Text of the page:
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Prevention and Early Intervention

Why does SickKids Centre for Community Mental Health provide prevention and early intervention services?

Research indicates that a number of factors place children and families at risk for serious mental health problems. Many of these risk factors exist in the communities served by Hincks-Dellcrest, including:
  • a high rate of low-birth-weight babies;
  • a high incidence of socially isolated parents;
  • high rates of unemployment and underemployment;
  • high density housing;
  • a large proportion of single parent families;
  • a high incidence of poverty.
Research also has shown that prevention and early intervention programs have both immediate and long term benefits for children, their families, community caregivers, and the community. These benefits include:
  • improved cognitive, physical and social functioning in children;
  • less stress and less distress within the family and community settings;
  • improved parenting behaviours and skills;
  • fewer incidents of child abuse and neglect;
  • more success in school and fewer dropouts;
  • more prosocial attitudes and skills in later childhood and adolescence;
  • less delinquency in adolescence.
In addition, research has shown that prevention and early intervention services are cost-effective:
  • for every dollar spent on prevention and early intervention in early childhood, seven dollars are saved in future social and health care costs;
  • prevention and early intervention reduce short-term health care costs for children;
  • prevention and early intervention reduce long-term health care costs for both children and other family members.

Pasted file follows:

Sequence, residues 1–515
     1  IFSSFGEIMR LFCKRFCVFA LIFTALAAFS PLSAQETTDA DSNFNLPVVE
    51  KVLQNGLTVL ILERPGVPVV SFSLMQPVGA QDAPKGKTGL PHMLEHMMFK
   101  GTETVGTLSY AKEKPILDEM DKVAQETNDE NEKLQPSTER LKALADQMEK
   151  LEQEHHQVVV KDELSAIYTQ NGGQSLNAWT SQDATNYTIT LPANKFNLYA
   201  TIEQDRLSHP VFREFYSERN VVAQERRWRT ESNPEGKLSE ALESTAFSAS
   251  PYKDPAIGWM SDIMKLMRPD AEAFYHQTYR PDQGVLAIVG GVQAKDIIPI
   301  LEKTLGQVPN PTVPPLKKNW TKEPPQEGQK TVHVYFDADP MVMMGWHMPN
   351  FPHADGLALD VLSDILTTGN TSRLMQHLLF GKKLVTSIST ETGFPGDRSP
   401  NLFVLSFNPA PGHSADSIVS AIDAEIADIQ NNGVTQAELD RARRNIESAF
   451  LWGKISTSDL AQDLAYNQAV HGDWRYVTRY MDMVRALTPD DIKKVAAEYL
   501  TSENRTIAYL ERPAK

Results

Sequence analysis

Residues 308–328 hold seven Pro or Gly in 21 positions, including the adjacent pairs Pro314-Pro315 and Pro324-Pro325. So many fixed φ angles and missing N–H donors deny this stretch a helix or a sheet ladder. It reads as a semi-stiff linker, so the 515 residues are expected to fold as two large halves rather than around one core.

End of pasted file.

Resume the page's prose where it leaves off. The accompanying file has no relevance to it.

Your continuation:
What do successful prevention and early intervention programs look like?

Successful prevention programs:
  • increase knowledge, skills, and a sense of community membership in children and parents;
  • ensure balanced attention to the physical, safety, emotional, and social needs of children;
  • provide outreach to children and their families, including community-based services and home visits, as a way to impart knowledge and skills, and to help establish linkages with the community.

What kinds of prevention and early intervention programs are provided by Sickkids Centre for Community Mental Health?

Two programs (one located in downtown Toronto, and one located in northwest Toronto) provide prevention and early intervention programs to children and their families.

The downtown program (called Growing Together) provides its services to infants, preschoolers, and their families, who live in St. James Town, a high-density development. The northwest program (called Prevention and Early Intervention Services - Sheppard Site) provides its services to infants and preschoolers, and their families, who live in a number of different neighbourhoods in the northwest section of Toronto. It also provides services to school-aged children in schools serving the same or similar neighbourhoods.

Both programs provide home visiting, children's groups, parents' groups, parent-child groups, parenting counselling, individual child support, community presentations, information pamphlets, and consultation to community caregivers. In addition, the downtown program provides formal developmental screening, and the northwest program provides a mobile toy-lending service. The two programs are variously involved in a number of national and provincial prevention and early intervention programs, including: Community Action Program for Children, Healthy Babies Healthy Children, Canada Prenatal Nutrition Program, Building Brighter Futures, TLC3, and Ontario Early Years Centres.

Other special projects include: Learning through Play Calendar and Board Game; Speech and Language Calendar; Baby Connection; Partners for Conflict Resolution; and, the Community Interpretation Project.

Prevention and early intervention services are funded by the Ontario Ministry of Children and Youth Services, the United Way, various provincial and federal grants, and private donors.